Al-Fairouz Narrates his Arrest Experience for Supporting Bedoon

In my whole life, I experienced many kinds of confrontations. Some were risky, but they didn’t put me in an encounter with prison. My only idea about prison and its bizarre aura was through cinema screen.
Being a human rights activist and a member of Stateless Commission in Kuwait Society for Human Rights, I had to attend the stateless protest in the 2nd of October 2012 as an observer as part of the monitoring group of the Society. We wrote, prepared, and published a detailed report of the protest on time.
After the protest, I received a phone call from one of the police stations asking me to come in order to identify some of the phone numbers. They assured me that the situation is calm and the process will not take a long time. Deep down, I knew that it is a mere justification and they want to arrest me especially when they arrested other activist working on the same issue. I decided to go without publicizing the news because of my belief that I did not commit any mistake. Then, I was transferred to the Criminal Investigation in Salmiya in a civilian car. There, I met four other arrested activists. During the investigations, I stated my reason of attending the protest and that I am a human rights activist. All the arrested spirits had risen after the visits of the Kuwait Society for Human rights, Group 29, and ElHorya Organization.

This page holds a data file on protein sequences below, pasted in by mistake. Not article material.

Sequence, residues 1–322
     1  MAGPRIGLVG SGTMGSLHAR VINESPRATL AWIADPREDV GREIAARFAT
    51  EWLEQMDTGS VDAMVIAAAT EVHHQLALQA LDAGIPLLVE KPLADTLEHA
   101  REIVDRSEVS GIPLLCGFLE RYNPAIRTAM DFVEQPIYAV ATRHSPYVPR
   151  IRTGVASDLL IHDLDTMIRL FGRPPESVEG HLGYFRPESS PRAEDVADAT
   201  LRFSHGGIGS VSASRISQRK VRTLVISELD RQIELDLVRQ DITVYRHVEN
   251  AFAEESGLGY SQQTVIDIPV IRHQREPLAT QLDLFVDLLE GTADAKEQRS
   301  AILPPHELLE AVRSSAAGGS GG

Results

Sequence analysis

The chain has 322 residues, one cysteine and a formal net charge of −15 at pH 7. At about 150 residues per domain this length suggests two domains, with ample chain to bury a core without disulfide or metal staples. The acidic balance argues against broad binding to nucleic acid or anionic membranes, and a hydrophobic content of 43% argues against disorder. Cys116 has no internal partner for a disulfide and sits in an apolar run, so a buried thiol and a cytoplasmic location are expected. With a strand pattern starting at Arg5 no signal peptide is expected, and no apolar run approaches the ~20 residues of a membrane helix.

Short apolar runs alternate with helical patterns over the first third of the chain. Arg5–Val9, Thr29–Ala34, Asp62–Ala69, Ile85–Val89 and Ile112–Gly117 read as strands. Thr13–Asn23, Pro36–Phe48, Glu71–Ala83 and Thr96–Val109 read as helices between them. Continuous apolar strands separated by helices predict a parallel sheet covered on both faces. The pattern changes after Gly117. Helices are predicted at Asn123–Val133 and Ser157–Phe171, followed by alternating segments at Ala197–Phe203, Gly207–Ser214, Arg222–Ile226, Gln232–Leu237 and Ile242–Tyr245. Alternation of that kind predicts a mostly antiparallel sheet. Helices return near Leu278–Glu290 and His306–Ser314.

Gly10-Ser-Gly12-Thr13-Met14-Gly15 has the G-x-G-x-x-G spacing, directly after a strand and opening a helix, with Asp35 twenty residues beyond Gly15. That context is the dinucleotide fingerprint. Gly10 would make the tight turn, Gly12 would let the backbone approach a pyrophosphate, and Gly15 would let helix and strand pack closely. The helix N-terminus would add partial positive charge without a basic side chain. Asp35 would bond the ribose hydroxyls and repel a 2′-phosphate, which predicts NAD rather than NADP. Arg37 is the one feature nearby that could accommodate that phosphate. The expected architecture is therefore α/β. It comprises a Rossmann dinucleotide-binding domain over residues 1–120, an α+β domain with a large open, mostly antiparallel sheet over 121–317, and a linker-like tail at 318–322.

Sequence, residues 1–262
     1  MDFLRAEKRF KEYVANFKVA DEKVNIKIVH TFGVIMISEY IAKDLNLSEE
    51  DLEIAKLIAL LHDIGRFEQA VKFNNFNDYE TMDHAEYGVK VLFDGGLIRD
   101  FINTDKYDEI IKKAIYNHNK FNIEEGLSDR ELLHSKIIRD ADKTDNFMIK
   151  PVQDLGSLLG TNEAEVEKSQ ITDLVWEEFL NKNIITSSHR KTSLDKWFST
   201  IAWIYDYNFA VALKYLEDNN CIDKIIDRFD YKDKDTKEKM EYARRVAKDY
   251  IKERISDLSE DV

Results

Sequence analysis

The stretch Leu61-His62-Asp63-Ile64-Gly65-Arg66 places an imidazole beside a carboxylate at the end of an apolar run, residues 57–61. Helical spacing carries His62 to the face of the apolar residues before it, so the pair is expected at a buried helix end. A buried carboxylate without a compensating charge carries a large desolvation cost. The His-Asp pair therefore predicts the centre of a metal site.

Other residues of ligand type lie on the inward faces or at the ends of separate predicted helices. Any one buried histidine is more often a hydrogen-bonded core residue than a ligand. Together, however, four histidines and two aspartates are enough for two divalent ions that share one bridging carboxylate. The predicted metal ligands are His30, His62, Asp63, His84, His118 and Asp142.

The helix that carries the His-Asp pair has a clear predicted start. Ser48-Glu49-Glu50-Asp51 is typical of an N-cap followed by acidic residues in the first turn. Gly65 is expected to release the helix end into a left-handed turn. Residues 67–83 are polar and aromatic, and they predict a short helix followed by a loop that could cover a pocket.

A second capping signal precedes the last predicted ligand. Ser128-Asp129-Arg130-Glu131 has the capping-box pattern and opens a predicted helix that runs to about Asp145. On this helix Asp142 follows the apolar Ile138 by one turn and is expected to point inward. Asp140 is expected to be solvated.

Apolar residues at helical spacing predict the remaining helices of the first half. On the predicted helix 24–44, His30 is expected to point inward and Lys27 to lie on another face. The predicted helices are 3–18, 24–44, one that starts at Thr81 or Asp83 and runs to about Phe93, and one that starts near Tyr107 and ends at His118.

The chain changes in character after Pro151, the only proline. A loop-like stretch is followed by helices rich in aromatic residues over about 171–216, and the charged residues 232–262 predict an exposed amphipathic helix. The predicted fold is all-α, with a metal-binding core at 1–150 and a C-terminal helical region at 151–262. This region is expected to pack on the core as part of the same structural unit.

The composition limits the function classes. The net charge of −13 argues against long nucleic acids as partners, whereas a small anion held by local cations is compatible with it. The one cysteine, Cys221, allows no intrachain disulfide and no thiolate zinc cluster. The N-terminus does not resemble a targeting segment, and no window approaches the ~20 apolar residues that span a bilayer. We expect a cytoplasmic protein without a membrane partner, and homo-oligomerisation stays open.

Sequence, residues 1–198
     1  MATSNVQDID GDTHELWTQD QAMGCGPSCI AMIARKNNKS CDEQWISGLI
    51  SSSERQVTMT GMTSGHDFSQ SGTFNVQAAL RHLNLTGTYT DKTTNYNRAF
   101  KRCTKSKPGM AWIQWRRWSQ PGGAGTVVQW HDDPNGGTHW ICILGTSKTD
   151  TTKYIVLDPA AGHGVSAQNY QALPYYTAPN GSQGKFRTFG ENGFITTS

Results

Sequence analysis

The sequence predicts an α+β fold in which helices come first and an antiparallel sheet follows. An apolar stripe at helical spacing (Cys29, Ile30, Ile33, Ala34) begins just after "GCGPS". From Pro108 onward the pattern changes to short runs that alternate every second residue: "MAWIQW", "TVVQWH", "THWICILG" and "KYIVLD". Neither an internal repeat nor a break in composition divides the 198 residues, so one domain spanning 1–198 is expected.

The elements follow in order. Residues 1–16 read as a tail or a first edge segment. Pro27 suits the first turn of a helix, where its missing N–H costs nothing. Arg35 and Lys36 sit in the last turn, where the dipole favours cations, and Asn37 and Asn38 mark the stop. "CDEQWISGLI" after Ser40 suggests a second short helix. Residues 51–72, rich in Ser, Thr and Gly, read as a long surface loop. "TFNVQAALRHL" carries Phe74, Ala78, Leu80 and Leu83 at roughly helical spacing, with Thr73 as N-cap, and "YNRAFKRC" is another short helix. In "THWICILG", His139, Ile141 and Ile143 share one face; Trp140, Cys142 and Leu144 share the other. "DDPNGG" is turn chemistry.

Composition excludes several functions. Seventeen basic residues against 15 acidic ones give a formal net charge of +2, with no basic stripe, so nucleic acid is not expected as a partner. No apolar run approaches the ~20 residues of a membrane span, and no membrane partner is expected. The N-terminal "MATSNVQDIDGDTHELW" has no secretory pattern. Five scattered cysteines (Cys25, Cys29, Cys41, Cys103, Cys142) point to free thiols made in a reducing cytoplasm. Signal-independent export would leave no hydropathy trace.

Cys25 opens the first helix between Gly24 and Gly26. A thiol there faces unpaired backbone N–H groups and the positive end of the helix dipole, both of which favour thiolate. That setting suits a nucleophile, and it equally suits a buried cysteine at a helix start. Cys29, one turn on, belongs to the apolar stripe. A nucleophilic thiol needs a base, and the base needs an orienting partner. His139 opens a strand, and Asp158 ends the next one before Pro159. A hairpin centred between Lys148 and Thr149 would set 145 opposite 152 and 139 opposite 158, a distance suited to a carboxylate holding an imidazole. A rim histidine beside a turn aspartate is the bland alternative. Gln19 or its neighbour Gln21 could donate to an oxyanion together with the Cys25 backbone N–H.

Then, we were arrested for two days in a cell in the Criminal Investigation. During these two days, I was shocked by the place condition in one of the rich countries. It doesn’t even suit people who are innocent and not convicted yet. Every 15 detainee were kept in a 4×6 meters cell. The cell has only one bathroom that is open and only covered by half of a partition. There were only two blankets that we used one to put in underneath us on the floor and the second to cover us. The luckiest detainees of us were those who could get two extra blankets from the released detainees. One of the biggest problems that detainees faced was their desire to smoke. In case they could smuggle some, they would distribute it among themselves. Food was not of a good condition either, although I was on a hunger strike though my four days arrest in Salmyia and the public prison.
Then, when we were examined by the internal investigator, our charges were misdemeanor of assembly and inciting to it. Now, I came to realize the importance of adding the General Department of investigations to the Ministry of justice similar to public prosecutor.
To be honest, policemen and investigators treated us in a good way. The only problem we had is the poor condition of the building. The place and its accommodations were miserable and not hygiene. Even asking for soap required nepotism ‘wasta’.
In my next article, I will narrate the details of our journey to the Public Prisonز

(translated from Arabic by Fatma Al-Fadhli)

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